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20 Delicious Apricot Tree Varieties You Can Grow At Home

Fresh picked apricots are like little golden gems discovered in your own backyard. Growing apricots at home is easy, and the apricot tree varieties available for the home orchardist is extensive. We encourage you to explore the world of tasty homegrown apricots, once you plant a tree or two, you will be hooked on these yummy, healthy treats. 

Below is our list of apricot tree varieties you can grow at home, presented in no particular order.

Your Apricot Home Orchard

1. Golden Sweet Apricot Tree

Closeup an apricot tree covered in ripe fruit.

The Golden Sweet Apricot Tree is one of the classic apricot tree varieties for home orchardists. The pretty tree produces delicious fresh eating apricots. You will love the way it looks in your garden.

Quick Stats:

  • USDA Hardiness Zones — 5-8
  • Mature Height — 12-18 Feet
  • Bloom Color — Pink/White
  • Pollination — Self Pollinating
  • Stone Type — Freestone
  • Uses — Fresh Eating, Baking, and Drying

Purchase the Golden Sweet Apricot Tree and start growing your own golden jewels.

2. Royal Rosa Apricot Tree

Closeup of ripe apricots on a tree branch.

The Royal Rosa Apricot Tree is perfect for a home grower where the temperature does not stay cold enough for varieties requiring high chill hours. Only requiring 400 or less chill hours, growers in zones 9 and 10 can keep these beauties in their yard for years.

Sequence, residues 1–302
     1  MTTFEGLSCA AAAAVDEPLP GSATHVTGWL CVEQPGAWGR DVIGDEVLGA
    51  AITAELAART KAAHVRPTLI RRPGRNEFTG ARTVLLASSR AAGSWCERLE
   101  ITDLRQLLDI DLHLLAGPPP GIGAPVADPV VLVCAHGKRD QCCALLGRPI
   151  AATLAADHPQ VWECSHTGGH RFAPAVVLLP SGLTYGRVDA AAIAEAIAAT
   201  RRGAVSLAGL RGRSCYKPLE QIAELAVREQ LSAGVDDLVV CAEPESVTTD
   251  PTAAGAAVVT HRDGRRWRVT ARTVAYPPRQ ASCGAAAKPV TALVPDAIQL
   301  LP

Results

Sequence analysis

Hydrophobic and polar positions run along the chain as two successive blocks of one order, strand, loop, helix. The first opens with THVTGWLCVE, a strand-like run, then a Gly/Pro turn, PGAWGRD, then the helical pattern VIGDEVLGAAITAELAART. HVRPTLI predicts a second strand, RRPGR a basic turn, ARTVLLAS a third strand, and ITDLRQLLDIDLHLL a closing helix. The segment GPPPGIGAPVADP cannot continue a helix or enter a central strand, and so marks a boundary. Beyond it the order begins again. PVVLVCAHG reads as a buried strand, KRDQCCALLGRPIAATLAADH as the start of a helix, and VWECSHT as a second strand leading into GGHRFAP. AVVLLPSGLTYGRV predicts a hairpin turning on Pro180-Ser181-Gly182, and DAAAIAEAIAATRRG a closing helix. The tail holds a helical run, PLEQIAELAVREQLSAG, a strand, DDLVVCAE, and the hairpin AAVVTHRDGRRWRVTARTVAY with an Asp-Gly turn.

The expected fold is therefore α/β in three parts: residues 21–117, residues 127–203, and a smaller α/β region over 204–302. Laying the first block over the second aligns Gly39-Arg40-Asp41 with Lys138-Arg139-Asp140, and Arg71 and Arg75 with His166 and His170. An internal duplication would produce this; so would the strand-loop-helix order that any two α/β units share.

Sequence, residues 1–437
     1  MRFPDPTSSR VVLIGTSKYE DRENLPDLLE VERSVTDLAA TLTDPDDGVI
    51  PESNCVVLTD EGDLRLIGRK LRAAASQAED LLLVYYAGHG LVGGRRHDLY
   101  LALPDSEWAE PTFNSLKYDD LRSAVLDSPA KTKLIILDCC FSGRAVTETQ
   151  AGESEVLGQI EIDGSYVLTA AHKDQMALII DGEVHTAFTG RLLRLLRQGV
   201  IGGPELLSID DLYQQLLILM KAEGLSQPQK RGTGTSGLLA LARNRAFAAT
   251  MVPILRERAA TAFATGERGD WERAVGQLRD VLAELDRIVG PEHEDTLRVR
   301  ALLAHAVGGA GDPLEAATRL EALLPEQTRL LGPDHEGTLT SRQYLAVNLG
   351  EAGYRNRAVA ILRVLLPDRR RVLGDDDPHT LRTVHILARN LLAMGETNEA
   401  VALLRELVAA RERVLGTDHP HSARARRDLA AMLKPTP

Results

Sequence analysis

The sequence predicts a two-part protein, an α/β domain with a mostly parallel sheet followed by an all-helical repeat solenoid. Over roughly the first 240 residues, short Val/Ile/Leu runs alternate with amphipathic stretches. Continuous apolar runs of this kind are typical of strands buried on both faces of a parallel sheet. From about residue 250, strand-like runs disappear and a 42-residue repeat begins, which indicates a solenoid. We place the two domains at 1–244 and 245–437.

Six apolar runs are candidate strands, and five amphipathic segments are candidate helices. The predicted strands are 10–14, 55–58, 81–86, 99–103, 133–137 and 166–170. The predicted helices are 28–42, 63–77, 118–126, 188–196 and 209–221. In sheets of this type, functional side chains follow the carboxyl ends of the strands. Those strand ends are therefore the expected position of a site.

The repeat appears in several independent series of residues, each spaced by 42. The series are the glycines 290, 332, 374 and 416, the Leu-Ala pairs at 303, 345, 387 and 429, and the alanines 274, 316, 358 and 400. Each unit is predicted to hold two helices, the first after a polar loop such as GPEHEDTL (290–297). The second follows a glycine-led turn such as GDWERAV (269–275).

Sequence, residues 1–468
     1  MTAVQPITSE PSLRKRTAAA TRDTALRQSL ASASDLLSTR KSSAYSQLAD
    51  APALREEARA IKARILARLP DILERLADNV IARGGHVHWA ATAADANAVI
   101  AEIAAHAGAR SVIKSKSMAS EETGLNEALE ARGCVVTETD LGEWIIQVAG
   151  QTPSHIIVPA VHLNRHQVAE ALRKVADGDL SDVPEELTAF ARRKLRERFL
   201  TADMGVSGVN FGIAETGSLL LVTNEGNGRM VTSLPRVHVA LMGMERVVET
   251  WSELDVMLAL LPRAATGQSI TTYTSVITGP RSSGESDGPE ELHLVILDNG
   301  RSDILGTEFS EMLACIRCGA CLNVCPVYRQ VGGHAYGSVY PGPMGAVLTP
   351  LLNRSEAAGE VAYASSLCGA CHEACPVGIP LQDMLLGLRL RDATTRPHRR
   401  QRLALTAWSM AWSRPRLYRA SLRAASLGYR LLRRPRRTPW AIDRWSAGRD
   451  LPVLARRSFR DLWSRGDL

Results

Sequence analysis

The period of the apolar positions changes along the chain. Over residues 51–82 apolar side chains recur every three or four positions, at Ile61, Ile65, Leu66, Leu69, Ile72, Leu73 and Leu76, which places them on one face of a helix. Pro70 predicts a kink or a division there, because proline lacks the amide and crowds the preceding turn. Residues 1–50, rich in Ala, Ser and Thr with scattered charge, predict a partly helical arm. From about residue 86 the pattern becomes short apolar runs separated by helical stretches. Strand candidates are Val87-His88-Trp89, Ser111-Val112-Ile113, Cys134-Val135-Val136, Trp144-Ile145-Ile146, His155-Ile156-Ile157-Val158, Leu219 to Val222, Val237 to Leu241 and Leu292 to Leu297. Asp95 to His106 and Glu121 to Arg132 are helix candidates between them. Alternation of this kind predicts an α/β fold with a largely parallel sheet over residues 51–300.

Quick Stats:

  • Chill Hours required — 400 or Less
  • USDA Hardiness Zones — 7-10
  • Mature Height — 15-18 Feet
  • Mature Spread — 15-18 Feet
  • Bloom Color — White
  • Pollination — Self Pollinating
  • Stone Type — Freestone
  • Storage — Good
  • Uses — Fresh Eating, Drying, Preserving, and Canning

Purchase the Royal Apricot Tree to grow beautiful fruits in a wide range of USDA Zones. 

3. Autumn Glo Apricot Tree

An apricot tree with ripe apricots in full sunshine.

One of our favorite apricot tree varieties, Autumn Glo Apricot Tree is a classic, freestone tree.

Quick Stats:

  • Chill Hours required — 500
  • USDA Hardiness Zones — 7-9
  • Mature Height — 12-15 Feet
  • Mature Spread — 12-15 Feet
  • Bloom Color — Pink
  • Pollination — Self Pollinating
  • Stone Type — Freestone
  • Storage — Good
  • Uses — Fresh Eating, Baking, and Canning

Purchase the popular Autumn Glo Apricot Tree and start enjoying these gorgeous little gems, fresh picked from the branch. 

4. Golden Kist Apricot Tree

A brown wire basket with ripe, picked apricots in and around it.

The Golden Kist Apricot Tree is not only a pretty landscape tree, it can be grown as far north as zone 5. Northern gardeners will love having these fresh little fruits popping out on the tree. 

Quick Stats:

  • USDA Hardiness Zones — 5-8
  • Mature Height — 12-18 Feet
  • Bloom Color — Pink
  • Pollination — Self Pollinating
  • Uses — Fresh Eating, Baking, and Canning

Purchase the Golden Sweet Apricot Tree to add to your home orchard or edible landscape. 

5. Patterson Apricot Tree

Closeup of apricot tree branches that are heavy with ripe fruit.

If you live in Zone 4, you know finding fruit trees that are compatible with the chilly weather can be a challenge. The Patterson Apricot Tree may just be the answer to your question, “Can I grow apricots?”

Quick Stats:

  • Chill Hours required — 700-1,000